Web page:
19
11

No.
11
19

%
63.3
36.7

%
36.7
63.3

Journal of Indian Society of Pedodontics and Preventive Dentistry | Apr-Jun 2014 | Vol 32| Issue 2 |

Garg, et al.: A comparative evaluation of conventional band and loop space maintainer with the ber reinforced composite resin space
maintainer in children

Discussion
In the quest for providing optimal dental care, the age
old maxim of prevention is better than cure holds
true. In this endeavor the pedodontist is more evenly
poised to carry the mantle of providing the required
services. For the preventive approach to be truly
effective it needs to be applied at its earliest, that is, at
the primary prevention level.[6]
When a primary tooth is extracted or is exfoliated
prematurely, the teeth mesial and distal to the space
tend to drift or be forced into it.[7] This may result
in problems like reduction of arch space, blocked or
deected eruption of permanent teeth, supraeruption of
opposing teeth, interference in occlusion, unattractive
appearance, food impaction areas, and an increased
incidence of caries and periodontal diseases.[8] One of
the approaches to control this space discrepancy is by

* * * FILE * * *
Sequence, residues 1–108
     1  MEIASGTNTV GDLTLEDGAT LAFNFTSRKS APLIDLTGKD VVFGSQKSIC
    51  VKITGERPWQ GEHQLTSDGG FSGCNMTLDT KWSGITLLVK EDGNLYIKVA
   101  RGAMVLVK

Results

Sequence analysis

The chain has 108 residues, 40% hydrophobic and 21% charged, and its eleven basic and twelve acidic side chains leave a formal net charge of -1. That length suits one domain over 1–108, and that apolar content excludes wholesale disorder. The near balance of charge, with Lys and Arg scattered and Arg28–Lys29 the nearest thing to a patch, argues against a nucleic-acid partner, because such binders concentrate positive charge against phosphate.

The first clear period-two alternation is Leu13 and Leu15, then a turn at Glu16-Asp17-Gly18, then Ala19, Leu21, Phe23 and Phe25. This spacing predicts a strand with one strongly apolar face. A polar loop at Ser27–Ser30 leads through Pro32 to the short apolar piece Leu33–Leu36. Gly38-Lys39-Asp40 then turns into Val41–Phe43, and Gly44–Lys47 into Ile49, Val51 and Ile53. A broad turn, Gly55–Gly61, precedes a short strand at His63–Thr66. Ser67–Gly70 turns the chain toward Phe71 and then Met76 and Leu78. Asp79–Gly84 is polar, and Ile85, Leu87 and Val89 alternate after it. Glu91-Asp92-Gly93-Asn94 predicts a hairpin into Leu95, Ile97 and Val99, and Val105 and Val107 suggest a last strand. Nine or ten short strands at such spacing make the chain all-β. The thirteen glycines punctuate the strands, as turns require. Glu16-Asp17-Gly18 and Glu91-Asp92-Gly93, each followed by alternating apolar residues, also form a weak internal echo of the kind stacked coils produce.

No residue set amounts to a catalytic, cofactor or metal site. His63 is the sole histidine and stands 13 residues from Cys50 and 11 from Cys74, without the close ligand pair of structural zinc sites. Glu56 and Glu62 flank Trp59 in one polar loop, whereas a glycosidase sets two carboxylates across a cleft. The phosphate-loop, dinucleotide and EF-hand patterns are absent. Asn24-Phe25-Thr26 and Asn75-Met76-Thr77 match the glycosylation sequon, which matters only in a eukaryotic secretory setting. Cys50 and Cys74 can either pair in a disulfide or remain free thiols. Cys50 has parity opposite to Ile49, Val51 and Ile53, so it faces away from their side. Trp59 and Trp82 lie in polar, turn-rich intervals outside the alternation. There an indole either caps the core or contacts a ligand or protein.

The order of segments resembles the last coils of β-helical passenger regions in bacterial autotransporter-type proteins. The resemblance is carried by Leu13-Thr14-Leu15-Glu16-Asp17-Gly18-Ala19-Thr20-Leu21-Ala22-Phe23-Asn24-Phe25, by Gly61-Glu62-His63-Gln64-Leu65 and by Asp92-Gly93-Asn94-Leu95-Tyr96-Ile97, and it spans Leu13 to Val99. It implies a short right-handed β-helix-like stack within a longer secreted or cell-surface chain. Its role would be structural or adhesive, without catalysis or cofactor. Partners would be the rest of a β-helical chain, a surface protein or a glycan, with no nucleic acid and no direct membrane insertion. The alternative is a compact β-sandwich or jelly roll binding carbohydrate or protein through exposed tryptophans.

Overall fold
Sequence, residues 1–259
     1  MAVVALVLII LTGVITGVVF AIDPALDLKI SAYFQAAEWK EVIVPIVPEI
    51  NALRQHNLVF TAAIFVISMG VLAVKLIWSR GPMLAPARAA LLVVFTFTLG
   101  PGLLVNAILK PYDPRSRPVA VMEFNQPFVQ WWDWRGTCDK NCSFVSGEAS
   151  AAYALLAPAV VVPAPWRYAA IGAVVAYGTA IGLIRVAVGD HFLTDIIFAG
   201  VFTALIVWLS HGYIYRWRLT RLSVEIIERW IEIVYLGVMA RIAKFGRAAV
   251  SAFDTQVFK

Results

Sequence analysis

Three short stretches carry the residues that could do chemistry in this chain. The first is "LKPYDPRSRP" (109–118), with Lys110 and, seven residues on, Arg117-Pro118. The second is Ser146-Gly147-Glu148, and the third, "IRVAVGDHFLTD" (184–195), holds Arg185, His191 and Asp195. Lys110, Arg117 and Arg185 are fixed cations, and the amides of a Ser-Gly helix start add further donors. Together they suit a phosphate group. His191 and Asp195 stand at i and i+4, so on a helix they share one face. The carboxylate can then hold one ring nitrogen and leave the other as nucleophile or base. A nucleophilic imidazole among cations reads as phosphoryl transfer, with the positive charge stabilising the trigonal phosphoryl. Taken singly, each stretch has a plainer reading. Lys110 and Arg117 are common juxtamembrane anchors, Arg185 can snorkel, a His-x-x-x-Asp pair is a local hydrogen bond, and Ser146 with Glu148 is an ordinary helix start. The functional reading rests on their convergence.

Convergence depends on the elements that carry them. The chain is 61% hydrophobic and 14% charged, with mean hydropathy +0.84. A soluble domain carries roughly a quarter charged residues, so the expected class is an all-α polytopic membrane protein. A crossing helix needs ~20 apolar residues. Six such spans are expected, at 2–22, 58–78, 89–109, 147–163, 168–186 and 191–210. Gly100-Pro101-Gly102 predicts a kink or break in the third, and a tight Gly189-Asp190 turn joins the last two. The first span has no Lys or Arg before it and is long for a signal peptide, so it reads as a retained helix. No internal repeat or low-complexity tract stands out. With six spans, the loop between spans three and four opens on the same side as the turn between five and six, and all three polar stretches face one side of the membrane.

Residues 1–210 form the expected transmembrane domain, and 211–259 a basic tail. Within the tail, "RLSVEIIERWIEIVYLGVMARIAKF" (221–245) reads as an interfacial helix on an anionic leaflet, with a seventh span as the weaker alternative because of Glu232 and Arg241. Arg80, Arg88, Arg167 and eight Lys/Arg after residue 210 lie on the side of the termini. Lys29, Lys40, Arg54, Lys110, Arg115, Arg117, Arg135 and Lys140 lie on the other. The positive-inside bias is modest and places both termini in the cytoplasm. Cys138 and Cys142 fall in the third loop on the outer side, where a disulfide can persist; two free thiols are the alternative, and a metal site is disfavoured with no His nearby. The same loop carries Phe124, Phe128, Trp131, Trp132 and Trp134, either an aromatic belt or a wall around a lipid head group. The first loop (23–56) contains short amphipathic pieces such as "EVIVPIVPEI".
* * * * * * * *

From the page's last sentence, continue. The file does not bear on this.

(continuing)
the provision of space maintainer appliances.[9]
Ideally, space maintainers should not interfere with
masticatory function or inhibit or deect normal
growth changes; should be simple to construct and
maintain; durable, strong, and stable; passive in not
imposing pressure on remaining teeth that might affect
orthodontic movements; and easily cleanable without
enhancing dental caries or soft tissue pathology.[1,10]
Owen (1971) revealed various factors to be considered
in assessment of the need for a space maintainer.[10,11]
Space maintainers may be removable or semixed
or xed, with bands or without bands, functional
or nonfunctional, active or passive or combinations
of above; of which xed appliances are the most
advantageous.[3]
Of all the xed space maintainers used in pediatric
dentistry, the band and loop ones are the most
prevalent.[12,13] They adjust easily to accommodate
changing dentition. But due to its varied disadvantages,